Homeschooling Moms Who Have Influenced Me-- Laurie Bluedorn

There is a lot I could write about Harvey and Laurie Bluedorn, but suffice it to say that I just have a lot of respect for both of them. Years ago we heard them speak on classical education and were a little taken aback by their laid back approach to the early years of homeschooling. But the proof is in the pudding, folks, and what their children went on to study makes my paltry 13 years of public education look like child's play.

Often, however, we tend to have a starry-eyed view of those we've never met. If we finally do meet them, we find that they are human like us. Last spring on a whim, two friends and I were in Chicago during our annual get-together, and one of us said to the other two, "Wanna drive out to the Bluedorn's tomorrow? I'll call Laurie and see if we can come." She did, we did, and what a fun time it was.

I loved seeing their home, filled with the obvious signs of years of home education. Beautiful artwork rendered by their children lined the walls. Books, books, books, which of course prompted us to ask which were their favorites. Johanna showed us her latest painting, there on its easel in her bedroom. There were cookies to share, and afterwards, someone in that home had to wash the plates, just like in our homes. See? They're normal.

I asked Laurie to contribute something for my readers here, and this is what she sent. But don't cast it aside if you only have little ones. I think these are excellent things to keep in mind as our children are growing, particularly as we mother boys. They need us to respect them, and finding the balance between homeschooling/mothering and respecting them can be tricky.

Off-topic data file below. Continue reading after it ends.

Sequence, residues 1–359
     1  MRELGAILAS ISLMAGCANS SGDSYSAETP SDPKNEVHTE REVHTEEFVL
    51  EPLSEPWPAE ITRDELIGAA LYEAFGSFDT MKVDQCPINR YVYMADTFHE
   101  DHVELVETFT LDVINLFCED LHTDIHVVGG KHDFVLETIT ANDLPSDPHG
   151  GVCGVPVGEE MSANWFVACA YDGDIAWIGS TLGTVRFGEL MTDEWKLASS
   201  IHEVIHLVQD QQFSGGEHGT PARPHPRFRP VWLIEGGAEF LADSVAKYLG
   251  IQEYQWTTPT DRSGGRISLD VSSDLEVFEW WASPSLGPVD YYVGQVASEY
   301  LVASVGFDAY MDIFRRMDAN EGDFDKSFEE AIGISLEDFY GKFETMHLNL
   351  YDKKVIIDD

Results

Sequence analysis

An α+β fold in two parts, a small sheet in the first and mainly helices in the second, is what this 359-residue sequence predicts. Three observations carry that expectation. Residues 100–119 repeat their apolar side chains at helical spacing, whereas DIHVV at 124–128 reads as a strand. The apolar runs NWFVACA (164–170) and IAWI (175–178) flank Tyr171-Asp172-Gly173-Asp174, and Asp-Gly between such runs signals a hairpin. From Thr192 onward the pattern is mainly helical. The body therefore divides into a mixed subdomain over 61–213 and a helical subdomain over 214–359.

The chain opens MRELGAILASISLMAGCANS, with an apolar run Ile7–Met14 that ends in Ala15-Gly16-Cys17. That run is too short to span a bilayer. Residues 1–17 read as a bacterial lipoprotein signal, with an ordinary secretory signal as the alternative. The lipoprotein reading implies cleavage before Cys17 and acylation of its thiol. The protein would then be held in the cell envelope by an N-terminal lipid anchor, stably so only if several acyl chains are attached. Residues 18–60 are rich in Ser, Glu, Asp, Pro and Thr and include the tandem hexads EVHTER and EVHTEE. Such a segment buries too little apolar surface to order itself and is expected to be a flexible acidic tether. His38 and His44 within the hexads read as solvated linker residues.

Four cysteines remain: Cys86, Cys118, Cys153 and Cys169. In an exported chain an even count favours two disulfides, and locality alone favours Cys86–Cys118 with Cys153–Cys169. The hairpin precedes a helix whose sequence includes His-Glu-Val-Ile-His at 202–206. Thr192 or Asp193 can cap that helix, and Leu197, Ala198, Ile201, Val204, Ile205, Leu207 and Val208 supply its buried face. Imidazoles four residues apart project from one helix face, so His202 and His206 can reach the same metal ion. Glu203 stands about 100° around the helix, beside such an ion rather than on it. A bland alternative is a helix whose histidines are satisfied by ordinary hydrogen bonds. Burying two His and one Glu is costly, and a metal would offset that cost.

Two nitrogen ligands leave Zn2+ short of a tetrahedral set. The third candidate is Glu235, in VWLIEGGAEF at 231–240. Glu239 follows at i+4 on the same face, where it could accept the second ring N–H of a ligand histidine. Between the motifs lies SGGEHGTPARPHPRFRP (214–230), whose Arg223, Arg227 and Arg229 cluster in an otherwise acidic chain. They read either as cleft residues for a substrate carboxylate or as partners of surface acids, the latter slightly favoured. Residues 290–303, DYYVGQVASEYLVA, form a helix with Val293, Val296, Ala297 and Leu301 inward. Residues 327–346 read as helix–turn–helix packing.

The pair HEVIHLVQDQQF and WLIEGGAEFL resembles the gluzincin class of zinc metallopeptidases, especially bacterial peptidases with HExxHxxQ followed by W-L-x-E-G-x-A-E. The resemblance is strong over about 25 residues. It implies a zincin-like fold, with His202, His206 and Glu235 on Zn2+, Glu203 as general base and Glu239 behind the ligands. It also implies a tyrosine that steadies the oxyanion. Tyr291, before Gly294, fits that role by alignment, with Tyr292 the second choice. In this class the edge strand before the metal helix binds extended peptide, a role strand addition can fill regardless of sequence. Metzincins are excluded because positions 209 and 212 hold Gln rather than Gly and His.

I thought I would share with you a few of the things I've learned over the past several years. This is addressed to parents of adult children, but parents of young children could perhaps benefit, since, in no time at all, you will all be parents of adult children.

How to treat your adult children:

1. The majority of the time that you are talking with your adult child, you should be doing the listening, not the talking. Real and attentive listening. Respectful listening -- not appearing to be listening or thinking about what you need to be doing next or what you want to say next, but real listening.

2. Talk to your adult children in the same way which you would talk to any of your peers. Your body language, tone of voice, facial expressions, language, and level of respect should be the same as what you use with your peers.

3. There must be trust. The members of a family must trust each other. Without mutual trust there can be no family peace, order, fellowship, respect, or communion.

4. Address the concerns of your adult children in a timely manner. Don't continue to put off resolving issues or acting on matters, but have enough respect for your adult children to move forward, making decisions promptly on issues which are important to them. Don't be eternally saying, "Well, I'm praying about it."

5. Avoid exaggeration -- it undermines trust and respect. Exaggeration is a learned behavior and your children will most certainly adopt the behavior if they see it in you.

6. If children are exposed to a steady stream of negativity and criticism, leveled against them or against others, it will undermine their trust and confidence in you, and it will interfere with their ability to respect you. When the parent is negative and critical, his intended result is that the child will become more discerning and careful. But in actuality, the effect of steady negativity and criticism is usually the opposite -- it serves to pull down and inhibit growth, and causes the child to not take the parent seriously.

7. It is most likely that at some time in his life and in some area of his life, your adult child will disagree with your views on different issues, be it politics, nutrition, music, dress, courtship, or (gasp!!) theology. Have enough respect for your adult child to discuss these differences in the same way that you discuss differences with your peers.

Good stuff, isn't it? Come back tomorrow and enter to win some beautiful prizes that Laurie has graciously donated, just for Preschoolers and Peace!